“Despite a marked improvement in education delivery in the last decade, Punjab still faces a huge educational challenge with 13 million children out of schools,” said Engr Qamar-ul-Islam Raja, provincial lawmaker and chairman of the Standing Committee on Education.
He was speaking at the launch of a research report, ‘Public Financing of Education in Punjab’ organised by the Institute of Social and Policy Sciences (I-SAPS) at a hotel on Wednesday. Bushra Anjum Butt, provincial lawmaker and member of the Standing Committee on Education, and Qaiser Rashid, deputy secretary for planning and budget at the Punjab School Education, were in attendance.
“According to the latest Pakistan Economic Survey, Punjab has now the highest net primary enrolment, gender parity index and literacy rate in Pakistan,” said Engr Raja. “However, there still exists a number of challenges faced by education sector in Punjab, which we are resolute to overcome”, he said. Not only 13 million children of ages between five and 16 years are out of school, said Abdullah Alam, lead researcher at I-SAPS, but also the ones studying in schools are not learning as expected.
“All these challenges are significantly linked with the magnitude of available financing and more importantly the efficiency in use of these resources,” said Alam, explaining that I-SAPS, through its perpetual analysis reports on public financing of education in Pakistan, has been serving as a watchdog to stimulate policy response for enhancing effectiveness in education budget spending. Alam, while highlighting the significant issues and achievements in public financing of education in Punjab said that around 20 per cent of the total provincial budget this year (FY 2015-16) has been earmarked for education. In the last six years, education budget of Punjab has increased from Rs. 155 billion in 2010-11 to Rs. 287 billion in 2015-16. Considering the need of additional schools and classrooms and provision of basic facilities in the schools, the development budget of Punjab has also been increased by 136 percent in the last 6 years. A significant budget of Rs. 4.45 billion has been allocated for teacher education in 2015-16.
Punjab launched a Non-Salary Budget scheme in 9 districts of the province in 2013-14 with an allocation of Rs 3.5 billion. This year, in 2015-16, a budget of Rs 14 billion has been allocated for the scheme to cover all the 36 districts of the province. Under the scheme, many schools are provided funds in the range of Rs. 0.1-1 million per annum.
Highlighting the issues, he said, despite the increase in education budgets, its share in the total provincial budget has decreased over the last 3 years. In 2013-14, 26 percent of the provincial budget was allocated for education while this year, the share has been reduced to 20 percent of the provincial budget of Punjab. Allocated budget for education is not utilised in full. During the last fiscal year 2014-15, 18 percent of the budget remained unutilised pointing towards absorption issues. Although there has been a significant increase in the funds allocated for development purposes, the expensed development budget has always been lesser than the allocated budget throughout the last 6 years.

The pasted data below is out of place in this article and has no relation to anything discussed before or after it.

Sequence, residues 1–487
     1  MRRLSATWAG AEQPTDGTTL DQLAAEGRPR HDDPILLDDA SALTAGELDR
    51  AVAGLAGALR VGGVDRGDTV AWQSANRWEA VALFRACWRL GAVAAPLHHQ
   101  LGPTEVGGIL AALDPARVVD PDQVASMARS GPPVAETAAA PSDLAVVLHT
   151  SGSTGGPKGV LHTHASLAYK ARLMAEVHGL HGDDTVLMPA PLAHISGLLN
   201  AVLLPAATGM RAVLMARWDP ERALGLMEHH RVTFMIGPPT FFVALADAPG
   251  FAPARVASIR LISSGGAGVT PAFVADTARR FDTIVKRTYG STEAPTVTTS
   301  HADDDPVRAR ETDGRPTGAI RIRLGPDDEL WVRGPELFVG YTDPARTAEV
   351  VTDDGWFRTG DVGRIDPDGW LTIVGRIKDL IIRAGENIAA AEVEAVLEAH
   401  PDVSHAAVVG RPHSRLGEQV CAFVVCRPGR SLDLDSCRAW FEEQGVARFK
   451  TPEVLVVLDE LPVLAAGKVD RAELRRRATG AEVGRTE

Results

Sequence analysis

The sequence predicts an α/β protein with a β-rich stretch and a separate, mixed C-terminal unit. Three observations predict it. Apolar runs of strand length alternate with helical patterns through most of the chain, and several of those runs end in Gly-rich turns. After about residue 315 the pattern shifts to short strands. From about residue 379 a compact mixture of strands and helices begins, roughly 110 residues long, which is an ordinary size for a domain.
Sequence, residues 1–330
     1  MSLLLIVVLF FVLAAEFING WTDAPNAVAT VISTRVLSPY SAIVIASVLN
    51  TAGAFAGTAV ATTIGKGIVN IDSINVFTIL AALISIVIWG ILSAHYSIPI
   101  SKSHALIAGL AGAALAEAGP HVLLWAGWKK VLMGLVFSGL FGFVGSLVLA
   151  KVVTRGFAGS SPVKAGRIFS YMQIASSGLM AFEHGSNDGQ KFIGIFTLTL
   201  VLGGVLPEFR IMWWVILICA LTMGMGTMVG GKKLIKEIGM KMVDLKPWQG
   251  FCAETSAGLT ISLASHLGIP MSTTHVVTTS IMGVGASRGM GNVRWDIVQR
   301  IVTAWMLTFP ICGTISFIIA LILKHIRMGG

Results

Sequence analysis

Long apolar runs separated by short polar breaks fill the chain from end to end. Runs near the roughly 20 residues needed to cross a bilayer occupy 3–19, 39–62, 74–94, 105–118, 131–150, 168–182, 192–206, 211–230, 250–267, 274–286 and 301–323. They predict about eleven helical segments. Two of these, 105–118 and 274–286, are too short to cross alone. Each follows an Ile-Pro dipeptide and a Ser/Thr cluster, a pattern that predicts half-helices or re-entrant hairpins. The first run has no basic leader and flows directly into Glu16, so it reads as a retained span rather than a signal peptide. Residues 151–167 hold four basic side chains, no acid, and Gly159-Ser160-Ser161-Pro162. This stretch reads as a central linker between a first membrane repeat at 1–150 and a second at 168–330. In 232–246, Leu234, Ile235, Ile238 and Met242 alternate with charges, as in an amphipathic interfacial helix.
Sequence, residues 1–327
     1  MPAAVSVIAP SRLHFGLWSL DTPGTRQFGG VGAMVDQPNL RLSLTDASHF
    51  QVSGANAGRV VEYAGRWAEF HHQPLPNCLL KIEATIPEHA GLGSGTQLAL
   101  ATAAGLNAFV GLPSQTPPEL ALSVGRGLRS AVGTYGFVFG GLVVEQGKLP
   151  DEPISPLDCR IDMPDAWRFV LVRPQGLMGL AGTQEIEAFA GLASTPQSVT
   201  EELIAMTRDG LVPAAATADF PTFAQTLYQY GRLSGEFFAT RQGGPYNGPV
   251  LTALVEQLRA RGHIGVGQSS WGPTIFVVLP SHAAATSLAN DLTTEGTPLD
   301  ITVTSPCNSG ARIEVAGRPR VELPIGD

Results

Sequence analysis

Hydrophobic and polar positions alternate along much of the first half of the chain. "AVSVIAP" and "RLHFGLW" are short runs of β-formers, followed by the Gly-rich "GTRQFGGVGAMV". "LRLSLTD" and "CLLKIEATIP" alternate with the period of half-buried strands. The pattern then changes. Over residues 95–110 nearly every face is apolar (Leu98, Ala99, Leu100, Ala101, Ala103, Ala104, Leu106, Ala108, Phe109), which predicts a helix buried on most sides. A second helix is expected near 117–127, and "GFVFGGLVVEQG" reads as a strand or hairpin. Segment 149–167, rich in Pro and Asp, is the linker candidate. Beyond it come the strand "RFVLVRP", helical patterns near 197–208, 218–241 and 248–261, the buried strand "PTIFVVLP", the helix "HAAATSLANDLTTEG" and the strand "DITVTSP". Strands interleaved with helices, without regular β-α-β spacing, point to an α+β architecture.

In 2014-15, Rs. 39 billion was earmarked for development budget presenting a share of 15 percent in the total education budget. However, only 46 percent of the development could be spent during the year; constituting a mere 8 percent of the education budget. For primary education, a budget of Rs 2.5 billion (6 percent of total development budget) was allocated out of which only Rs 190 million, 8 percent of the budget, could be spent during the year.
Annual per student expenditure in Punjab has varied according to districts in 2014-15 between Rs 11,000 and Rs 19,000. While Chakwal, Rawalpindi and Bahawalpur could expense more than Rs 18,000 per student during 2014-15, districts like Chiniot and Nankana Sahib spent less than Rs 12,000 per student during the year.
The effectiveness of the allocated budget is dependent on efficient usage of allocated resources. It is essential that the government undertakes a need-based budgeting approach where districts with higher needs are allocated higher budgets.
The overall share of development budget and non-salary budget in the education budgets should be increased. The utilisation of earmarked funds needs to be ensured. Local governments should be empowered to monitor and plan utilisation of education budgets, especially the non-salary and development budgets.
The standing committee on education and public accounts committees should be allowed to take up the business on their own. This essentially would allow them to engage in scrutiny of particular issues of efficiency and best value for money highlighted in media or research reports.